China is competing with other Asian nations and itself in a contest we do not even appear to realize is underway.
Will Hutton argues in The Writing on the Wall, growing income disparities and increasingly rigid class boundaries are causing many to wonder whether the American Dream is nothing more than myth.
The utopian ideal of the United States — that through hard work you can achieve your place in the sun — is being confounded by everyone’s actual daily experience.
Americans expect better. About 70% of Americans believe that the poor have a good chance of escaping poverty — only about 30% believe that they are trapped there.
By contrast Europeans — living in more socially fluid societies — are nonetheless much more pessimistic about the chances of mobility. Only 40% believe the poor can escape their fate, and 60% believe they are trapped.
Benjamin Franklin was born the fifteenth son of a candle maker and retired at age 42 with enough of a fortune to comfortably pursue a life of politics and scientific inquiry.
The opportunity for such mobility is retreating, and this is beginning to affect not just American society — but also the American imagination.
In the USA,
- families with children are likely to stay poor,
5 times more likely than British, German, French or Spanish
- only 10% will move out of the lower class; was 23% in the 1970s
There can be a new highway in the sky.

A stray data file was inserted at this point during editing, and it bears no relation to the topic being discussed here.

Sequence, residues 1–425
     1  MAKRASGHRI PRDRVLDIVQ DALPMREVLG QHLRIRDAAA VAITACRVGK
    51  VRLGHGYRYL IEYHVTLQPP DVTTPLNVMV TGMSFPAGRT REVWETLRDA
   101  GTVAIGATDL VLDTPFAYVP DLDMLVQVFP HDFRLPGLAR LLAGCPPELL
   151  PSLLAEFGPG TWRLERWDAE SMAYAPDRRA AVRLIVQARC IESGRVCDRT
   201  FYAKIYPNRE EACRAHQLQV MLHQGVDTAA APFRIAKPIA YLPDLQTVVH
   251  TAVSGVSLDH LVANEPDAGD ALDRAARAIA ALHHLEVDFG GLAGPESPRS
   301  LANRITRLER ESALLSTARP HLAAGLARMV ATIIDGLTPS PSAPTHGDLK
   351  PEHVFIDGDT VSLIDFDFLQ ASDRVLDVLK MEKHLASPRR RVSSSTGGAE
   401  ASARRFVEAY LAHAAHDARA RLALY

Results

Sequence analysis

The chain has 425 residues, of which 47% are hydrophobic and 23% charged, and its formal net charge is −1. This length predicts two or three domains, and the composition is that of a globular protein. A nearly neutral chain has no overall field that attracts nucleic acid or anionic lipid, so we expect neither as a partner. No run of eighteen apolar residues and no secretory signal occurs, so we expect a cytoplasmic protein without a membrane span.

The development of the ‘right of way’ is one of the overlooked functions of our economy. And forfeiting the ownership and management of these rights may be a costly giveaway that jurisdictions are failing to claim, control and capitalize.
We are accustomed to the ubiquity of the transportation industry. Its technology, huge budgets and large operations underpin our productivity. Transportation draws our landscape and becomes the rhytym of society. Yet these institutions rely on their right of way and the grant of opportunity that follows.
The transportation industry is historical technologies, dominant players, tremendous battles, including the strategic and economic factors of our defense and trade, and politics. But regardless the scale, these are first governed by the regions and communities where we provide transport a right to cross.
Current industrial and political culture may slow transportation development even with the claims to innovate and adjust to emerging conditions until a new political approach combines both technology and its conduit.
Until there is a ‘market of way’, regional and local development will be restrained to a narrow range of transportation options based on traditional conduits. Not unlike the sisterly arrival of bike paths that have stimulated a smallish transit boom, or the robust conversion of railroads to ports and landbridges, choosing new and efficient transport options requires a renewed appraisal of available conduit options.
In order to help diversify and stimulate the transport sector, there are several economic claims that cities, towns and rural regions can reserve as part of their community of assets. For example, “the air value over our roads is a trillion dollar frontier” that is seldom considered in the heat of great discussions about energy options, new types of vehicles, transit systems and the shaping of community development.
But perhaps fundamentals are reappearing. Worldchanging blogger Ethan Timm reports “Aerial Tram Leapfrogs Grids and Networks“
“…could be the future of inter-neighborhood, inter-nodal transit.
“…efficient aerial transit could be to car-clogged streets what cell phones were to tangles of wires and switchboards.
“…areas which have poorly-developed technology or economic bases can move themselves forward rapidly through the adoption of modern systems without going through intermediary steps.